On one particular evening we were playing drinking games at the bar (which had essentially become our property with Kim being a very attentive bar tender), which had particularly devastating effects for GTO. ‘F*ck the Dealer’ was not kind to him. We must have played three times and each time GTO ended the game as Dealer. Jaime had stopped by and was positively entranced by our card game, and was absolutely losing it doubled-over with laughter. Two other travelers had come back to the guest house and were swept into Hurricane Canada. They were Chinese newlyweds and Mrs. China didn’t speak a lick of English (Mr. China had grown up in California). Anyway, she was an absolute riot. Having been in China a couple months before and been exposed to Chinese keeping ‘face’ in public, this was my first experience with a native Chinese person letting loose. Us girls were Best Friends with an impenetrable language barrier. The games wrapped up and it was Go Time. Destination: Heart of Darkness, quintessential stop on the SEA backpacker circuit. Not really having a good grasp of directions or willing to walk, Angela and I jumped on Jaime’s motorbike (two tall blonde, white girls and a Cambodian man are not commonly observed) and arrived in spectacular fashion. Hurricane Canada et al had jumped in a tuk-tuk (come on, G was not about to see me whisked off into the depths of PP) and the six of us loudly unloaded onto the street. We must have been pretty obnoxious because security and the patrons milling about the entrance were intently staring. Unfortunately, Heart of Darkness was pretty empty for a Monday. Who da thunk? Mr. Tuk-Tuk driver, take us to….a gay bar! That always makes for a fun time. Well, it was less of a bar and more of a gay-friendly restaurant, that is if flying a rainbow flag in your establishment qualifies you as such. Let’s just say that we arrived and absorbed a lot of dirty looks from the people who were dining street side. Uhm, Hurricane Canada needs to blow out of here. Mr. Tuk-Tuk driver, take us to a club. We stop at a club surrounded by Lexuses, Range Rovers and Beamers. Apparently one needed sleeves and a collar to get in. Whatever, I don’t want to party with children of corrupt officials ANYWAY. Striking out in PP. We eventually settle down in the next disco and have our first experience at a truly authentic Cambodian night club. This would not be the last time we would be the only white people in a Cambodian club. The details of this night aren’t particularly important after this point. Although, G would persecute me for not mentioning that he was kissed by a Cambodian dude and allegedly ‘nearly raped in the bathroom.’ Those were drunk words talking but I can attest that this guy had been following G extraordinarily closely. Lastly, no one else recalls this but there was a guy on the dance floor and his ‘signature’ move was screaming. Literally. He would (during a song) emit shrill screams. It was unbelievably obnoxious as you may imagine.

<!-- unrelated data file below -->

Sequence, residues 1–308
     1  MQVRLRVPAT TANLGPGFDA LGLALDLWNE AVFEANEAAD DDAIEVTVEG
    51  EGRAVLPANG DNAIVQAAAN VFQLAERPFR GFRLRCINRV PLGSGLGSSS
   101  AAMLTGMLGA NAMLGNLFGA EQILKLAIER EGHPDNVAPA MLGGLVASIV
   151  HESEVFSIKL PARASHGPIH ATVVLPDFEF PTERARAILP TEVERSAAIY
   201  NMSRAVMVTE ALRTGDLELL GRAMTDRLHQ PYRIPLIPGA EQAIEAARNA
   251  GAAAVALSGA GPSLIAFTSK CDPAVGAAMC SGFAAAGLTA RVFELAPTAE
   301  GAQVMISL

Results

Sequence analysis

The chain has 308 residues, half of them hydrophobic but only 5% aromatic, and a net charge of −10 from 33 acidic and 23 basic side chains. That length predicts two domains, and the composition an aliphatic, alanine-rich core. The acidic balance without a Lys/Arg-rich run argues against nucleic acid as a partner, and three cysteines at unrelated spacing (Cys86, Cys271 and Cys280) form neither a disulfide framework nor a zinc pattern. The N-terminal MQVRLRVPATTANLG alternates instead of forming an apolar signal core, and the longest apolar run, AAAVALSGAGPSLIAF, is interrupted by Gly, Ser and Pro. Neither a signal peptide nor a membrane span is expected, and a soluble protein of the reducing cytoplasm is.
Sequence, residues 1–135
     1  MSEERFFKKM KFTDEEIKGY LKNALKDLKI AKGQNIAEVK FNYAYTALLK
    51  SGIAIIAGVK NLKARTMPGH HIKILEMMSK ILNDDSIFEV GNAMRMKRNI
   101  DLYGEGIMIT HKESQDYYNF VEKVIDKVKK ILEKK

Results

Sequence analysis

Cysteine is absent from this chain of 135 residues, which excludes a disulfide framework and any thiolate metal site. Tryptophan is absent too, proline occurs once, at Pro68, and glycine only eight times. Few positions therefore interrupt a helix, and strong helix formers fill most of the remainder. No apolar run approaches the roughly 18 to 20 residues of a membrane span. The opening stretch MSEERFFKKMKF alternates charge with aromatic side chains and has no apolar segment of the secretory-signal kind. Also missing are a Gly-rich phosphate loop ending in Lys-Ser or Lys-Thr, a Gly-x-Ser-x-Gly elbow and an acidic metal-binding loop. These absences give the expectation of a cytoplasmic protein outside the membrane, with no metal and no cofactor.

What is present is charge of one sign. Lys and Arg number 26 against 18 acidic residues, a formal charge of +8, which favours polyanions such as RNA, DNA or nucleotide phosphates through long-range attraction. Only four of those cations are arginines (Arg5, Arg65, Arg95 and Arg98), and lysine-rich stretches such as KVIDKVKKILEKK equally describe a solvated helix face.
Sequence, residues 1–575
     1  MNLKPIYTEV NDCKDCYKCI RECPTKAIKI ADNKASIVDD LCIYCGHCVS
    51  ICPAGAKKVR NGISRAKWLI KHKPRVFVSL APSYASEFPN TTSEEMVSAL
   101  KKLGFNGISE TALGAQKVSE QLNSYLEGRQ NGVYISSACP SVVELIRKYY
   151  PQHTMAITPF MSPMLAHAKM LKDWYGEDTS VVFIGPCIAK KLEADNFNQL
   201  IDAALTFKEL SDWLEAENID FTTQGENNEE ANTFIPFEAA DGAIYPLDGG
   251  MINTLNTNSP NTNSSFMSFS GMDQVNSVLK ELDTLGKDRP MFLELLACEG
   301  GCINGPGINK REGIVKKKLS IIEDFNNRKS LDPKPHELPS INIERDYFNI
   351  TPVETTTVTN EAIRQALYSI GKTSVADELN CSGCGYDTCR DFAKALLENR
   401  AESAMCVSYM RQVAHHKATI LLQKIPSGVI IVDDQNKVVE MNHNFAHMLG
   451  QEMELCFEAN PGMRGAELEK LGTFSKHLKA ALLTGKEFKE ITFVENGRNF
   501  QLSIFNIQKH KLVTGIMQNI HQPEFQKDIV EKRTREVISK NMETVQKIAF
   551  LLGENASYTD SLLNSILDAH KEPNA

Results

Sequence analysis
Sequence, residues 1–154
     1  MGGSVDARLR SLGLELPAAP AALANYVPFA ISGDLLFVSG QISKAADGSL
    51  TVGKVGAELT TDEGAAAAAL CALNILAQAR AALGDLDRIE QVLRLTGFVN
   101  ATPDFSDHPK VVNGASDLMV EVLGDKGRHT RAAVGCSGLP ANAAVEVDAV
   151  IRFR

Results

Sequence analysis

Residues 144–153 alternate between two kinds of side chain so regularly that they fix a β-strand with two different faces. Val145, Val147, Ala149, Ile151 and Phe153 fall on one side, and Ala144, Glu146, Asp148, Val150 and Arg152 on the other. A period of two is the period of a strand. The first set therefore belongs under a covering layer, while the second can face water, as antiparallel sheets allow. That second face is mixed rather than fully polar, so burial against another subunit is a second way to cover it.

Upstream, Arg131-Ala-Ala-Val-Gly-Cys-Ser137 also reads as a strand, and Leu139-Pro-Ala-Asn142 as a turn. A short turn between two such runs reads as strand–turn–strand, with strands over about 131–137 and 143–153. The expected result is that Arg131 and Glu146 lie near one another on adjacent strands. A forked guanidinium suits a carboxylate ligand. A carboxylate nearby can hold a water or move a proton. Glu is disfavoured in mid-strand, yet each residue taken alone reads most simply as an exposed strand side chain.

During the daytime (after a horrible sleeps in #102 and recovering from the night s before), we toured Phnom Penh’s sites. We haggled for goods at the Russian Market, toured the highly depressing S-21, visited the Killing Fields, went to the movies, got $5 mani-pedis and went to a Cambodian shooting range.

Russian Market. You’ll find a hoard of goods from knock offs to authentic but don’t quite meet Western quality standards. Haggle hard! I got basic tank tops for $1.50 each, Gap shirts for $2 and G picked up four name brand tank tops for $10. Alternatively we both bought a knock off North Face backpack and Birkenstock sandals which fell apart within a couple weeks and were abandoned anyway. You get what you pay for.

S-21. A former school used to torcher 17,000+ Cambodians during the Khmer Rouge period. Haunting photographs of all who passed through will drive you to tears. Shocking and horrifying. Hire a guide at the entrance. For $8 split between four people, it’s a marginal amount of money for the insight you get. Plus, most have personal experience with the Khmer Rouge. Our guide had been placed in a children’s work camp.

Killing Fields. Smaller than you anticipate but equally depressing, one tours the fields with an audiobook. This site is a little ways out of town so ensure that you have a fast tuk-tuk driver. Coming back into town during rush hour is an experience in itself and was probably the most motorbike congestion I have witnessed in all of SEA.

The cinema. There are two great theatres in town. One is centrally located in a mall near the Olympic Stadium. We went right after a downpour and the streets were flooded, nearly a foot in some places!

Salons. Probably not up to any Western hygiene standards but you can get a screaming deal on manicures and pedicures. Feel a little feminine on the road!